M u s e u m  C r e a t e d  L e s s o n

Arctic Plants

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Canadian Museum of Nature, Ottawa, Ontario

Learning about Arctic plants
In this lesson students will have the opportunity to explore Arctic plants. Through their explorations students will develop an understanding of the biological mechanisms that allow plants to survive in Arctic conditions.

Lesson framework and materials:
- This lesson should cover 1 full class period for grades 11-12.
- Computers with internet access can be used to explore the website expeditionarctic.ca, which provides more information about Arctic plants.
- A notebook to write down observations and reflections.
Arctic Plant Life
Canadian Museum of Nature
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Scorpion moss
A Scorpion moss plant.
Scorpion moss (scientifically named Scorpidium scorpioides) is a small plant that is usually found in wet soggy places like the edges and bottoms of Arctic lakes and ponds. Usually dark in colour, especially if it has been growing in a sunny location, this type of moss can grow to cover very large areas.

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Dwarf Fireweed
A Dwarf Fireweed plant.
Dwarf Fireweed (its scientific name being Chamerion latifoliumi) is a flowering plant that grows in sandy and gravelly moist soil. Often found growing along the banks of rivers and streams, this species has the largest flowers of any flowering plant in the Canadian Arctic. It is often called “river beauty”, referring to its abundant purple-pink flowers.

Canadian Museum of Nature




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The Arctic Poppy
An Arctic Poppy plant.
The Arctic Poppy (known scientifically as Papaver sp.) is one of the most common plants found in the Arctic region. It is one of three plants featured on the Nunavut coat of arms. Preferring areas where the vegetation cover is kept open, these yellow, four-petaled flowers grow in almost all High Arctic habitats, except for wetlands.

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Sunburst lichen
Orange Sunburst lichen on a rock.
Lichens are not plants, but rather a mutually-beneficial partnership between two types of organisms: fungi and algae. The fungi provide a protected home for the algae, which, for their part, provide nutrients as the result of photosynthesis. Lichens are very tough and can survive in harsh conditions where many plants cannot.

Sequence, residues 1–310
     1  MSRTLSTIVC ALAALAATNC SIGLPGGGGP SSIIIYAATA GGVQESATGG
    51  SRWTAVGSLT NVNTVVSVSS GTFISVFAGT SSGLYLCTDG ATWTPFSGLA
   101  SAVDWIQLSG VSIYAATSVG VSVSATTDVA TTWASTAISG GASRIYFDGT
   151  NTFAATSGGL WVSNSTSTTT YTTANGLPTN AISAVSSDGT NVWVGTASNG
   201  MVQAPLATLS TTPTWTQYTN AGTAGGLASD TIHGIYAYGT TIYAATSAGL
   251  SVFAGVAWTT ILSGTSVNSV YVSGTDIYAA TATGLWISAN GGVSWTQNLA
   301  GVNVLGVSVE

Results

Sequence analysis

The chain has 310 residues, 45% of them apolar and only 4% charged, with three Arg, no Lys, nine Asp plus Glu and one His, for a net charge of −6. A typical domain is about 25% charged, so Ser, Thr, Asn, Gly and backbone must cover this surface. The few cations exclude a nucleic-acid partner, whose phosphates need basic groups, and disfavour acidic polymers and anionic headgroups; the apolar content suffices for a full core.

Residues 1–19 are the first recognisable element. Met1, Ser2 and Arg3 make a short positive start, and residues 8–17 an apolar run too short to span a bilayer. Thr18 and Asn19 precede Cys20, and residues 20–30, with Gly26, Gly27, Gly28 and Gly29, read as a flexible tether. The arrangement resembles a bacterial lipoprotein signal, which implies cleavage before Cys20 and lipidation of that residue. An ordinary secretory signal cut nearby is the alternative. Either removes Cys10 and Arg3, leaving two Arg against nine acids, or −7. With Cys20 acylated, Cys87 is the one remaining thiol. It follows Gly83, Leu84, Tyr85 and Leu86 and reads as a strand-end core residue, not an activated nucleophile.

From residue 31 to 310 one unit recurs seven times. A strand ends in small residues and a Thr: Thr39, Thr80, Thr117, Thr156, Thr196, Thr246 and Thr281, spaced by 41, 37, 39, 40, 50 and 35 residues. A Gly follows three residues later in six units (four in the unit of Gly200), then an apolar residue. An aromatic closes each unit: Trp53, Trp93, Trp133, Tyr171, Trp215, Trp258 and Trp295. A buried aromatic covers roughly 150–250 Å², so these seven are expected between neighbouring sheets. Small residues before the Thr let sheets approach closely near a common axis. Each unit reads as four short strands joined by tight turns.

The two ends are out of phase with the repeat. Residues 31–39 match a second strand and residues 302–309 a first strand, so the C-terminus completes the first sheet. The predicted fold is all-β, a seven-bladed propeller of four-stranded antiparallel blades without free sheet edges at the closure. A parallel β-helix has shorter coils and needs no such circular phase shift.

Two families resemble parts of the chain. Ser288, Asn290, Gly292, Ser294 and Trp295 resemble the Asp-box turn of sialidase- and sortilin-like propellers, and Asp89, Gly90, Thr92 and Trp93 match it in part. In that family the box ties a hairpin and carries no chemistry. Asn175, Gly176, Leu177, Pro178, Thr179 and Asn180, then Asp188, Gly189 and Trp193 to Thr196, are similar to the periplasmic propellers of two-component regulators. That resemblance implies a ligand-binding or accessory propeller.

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Alpine bistort
An Alpine bistort plant.
Alpine bistort (scientifically named Bistorta vivipara) is a flowering plant that grows on dry rocks, in well-drained gravel and in sand. It flourishes along shorelines and on tundra, slopes and cliffs. It has a long stalk that extends upward toward its red bulbils (small bulbs) and small white or pink flowers.

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Cotton grass
A Cotton grass plant.
Cotton grass (known to scientists as Eriophorum sp.) can be found growing in damp meadows and often near the edges of ponds. Its name comes from the white puffs of cotton found at the top of the plant’s stalk, 10 to 30 cm above the ground.

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Tufted fen-moss
A Tufted-fen moss plant.
Tufted fen-moss (scientifically referred to as Paludella squarrosa) can be found growing in wet and seepy places. This species of moss has short, pointed leaves that grow in rows on a stem and that curve away and downward towards the ground, creating a pipe cleaner effect. With a strong magnifying glass, you can see that the stems are coated with dense, dark hair.

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An Arctic Tree
Learn about an Arctic willow tree.
HabitatSeven
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Plant Protection
Learn how an Arctic tree protects itself against weather.
HabitatSeven
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Suggested Activity
Have students think about the following:

Specific questions:
- What types of plants grow in the Arctic?
- What are some characteristics of Arctic plants?
- How do Arctic plants differ from those in other biomes?
- How has the climate influenced the development of plant life in the Arctic?
- How might changes in climate affect the current plant life of the Arctic?

General questions:
- What interested you the most?
- What surprised you to learn?
- What is one thing you would like to know more about?

Have a class discussion based around reflection questions.

Learning Objectives

Students will:

- General knowledge of how plants survive in harsh environments.

- Familiarize himself/herself with botanical vocabulary.

- Explore the types of plants that grow in the Arctic region.

- Develop a general knowledge of Arctic plants and lichens.